Book by Terrence McNally, Music by John Kander, Lyrics by Fred Ebbs.
Southwark Playhouse, the Large, 77-85 Newington Causeway, London SE1 6BD to 23 June 2018.
Mon-Sat 7.30pm. Mat Sat 3pm.
Runs 2hr 20 mins. One interval.
TICKETS: 020 7407 0234.
Review: William Russell 29 May.
A glorious roller coaster ride
Adam Lenson’s production of this 1984 Broadway musical proves an exhilarating experience and has in Caroline O’Connor as Anna, the owner of the roller skating rink of the title, a leading lady at the top of her game. She sings beautifully, handles the wise cracks with whip lash skill and manages to sustain the interest in the rather maudlin plot devised by Terrence McNally.
It really is at times hard going caring about whether Anna, who is selling the down on its luck seaside resort boardwalk attraction, is reconciled with her daughter Angel, a hippy who actually owns half of it and wants to keep it, or not. The problem is that daddy Dino, who Angel doted on, abandoned them when she was small and Anna told the child he had died. They hade a difficult relationship and in time Angel, having been told the truth by a neighbour, set off in search of Dad. Do we care? Not very much.
Fortunately there is always Ms O’Connor to lift the spirits, and, this being that awkward construct, a show with two leading ladies, Gemma Sutton as the bolshie Angel rises with equal aplomb to her share of the big numbers which is as it has to be. It is, however, ironic that the number which stopped the show opening night was performed by neither but by the six men who make up the rest of the cast. They erupt in act two, just as one is starting to wilt, to whirl like dervishes round the stage in a brilliant display of lad dancing and the whole thing takes flight.
The score, although it is not Kander’s best by any means, is charming and tuneful, but he has not, for instance, quite come up with the required belter for Anna. The opening number Chief Cook and Bottle Washer in which she tells how she ran the rink all those years is good but not that good and the best song is probably a sentimental lament for past glories of the boardwalk, What Happened to the Good Old Days, which Ms O’Connor gets to lead. Ebb’s lyrics, however, are as good as ever and while McNally’s plot may be pretty turgid he has come with some good one liners.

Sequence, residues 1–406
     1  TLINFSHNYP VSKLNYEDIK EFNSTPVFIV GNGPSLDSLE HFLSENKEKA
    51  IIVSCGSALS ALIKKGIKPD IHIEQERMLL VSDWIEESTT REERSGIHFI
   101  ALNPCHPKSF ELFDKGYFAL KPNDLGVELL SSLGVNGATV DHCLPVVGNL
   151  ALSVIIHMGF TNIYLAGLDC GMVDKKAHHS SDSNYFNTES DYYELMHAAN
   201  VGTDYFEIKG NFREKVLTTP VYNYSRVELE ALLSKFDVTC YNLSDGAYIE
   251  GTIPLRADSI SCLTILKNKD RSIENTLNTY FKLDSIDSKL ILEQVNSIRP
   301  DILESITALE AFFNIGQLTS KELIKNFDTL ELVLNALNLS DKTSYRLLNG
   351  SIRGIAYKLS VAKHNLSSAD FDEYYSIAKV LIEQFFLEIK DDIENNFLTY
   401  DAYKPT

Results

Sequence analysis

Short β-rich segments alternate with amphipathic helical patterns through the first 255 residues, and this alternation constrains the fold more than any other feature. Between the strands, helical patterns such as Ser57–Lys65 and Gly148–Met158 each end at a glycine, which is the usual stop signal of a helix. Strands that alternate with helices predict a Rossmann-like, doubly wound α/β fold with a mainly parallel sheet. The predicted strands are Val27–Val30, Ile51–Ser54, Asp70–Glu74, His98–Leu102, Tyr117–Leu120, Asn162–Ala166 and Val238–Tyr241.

The show was last seen in London in 1988 at the Cambridge Theatre with Josephine Blake as Anna and Diane Langton as Angel. Show business being what it is Ms O’Connor understudied Ms Langton in that production. It was, however, a flop running only for a month. Nor was the original Broadway version with Chita Rivera as Anna and Liza Minnelli as Angel a major hit.
But maybe its time has come. Certainly this latest outing is stunningly energetic, performed as well as could be by all concerned, has a nicely decayed set and a first rate band to deliver those melodies. It even has good sound, rarer than you would think. and a nice last minute surprise.
Anna: Caroline O’Connor.
Angel: Gemma Sutton.
Dino: Stewart Clarke.
Lino: Ross Dawes.
Lucky: Michael Lin.
Benny: Elander Moore.
Lenny: Ben Redfern.
Tony: Jason Winter.
With Amelia Ioannou & Millie Samuele Lee.
Director: Adam Lenson.
Choreographer: Fabian Aloise.
Musical Director: Joe Bunker.
Set Designer: Bec Chippendale.
Costume Designer: Libby Todd.
Sound Designer: Mike Thacker for Orbital.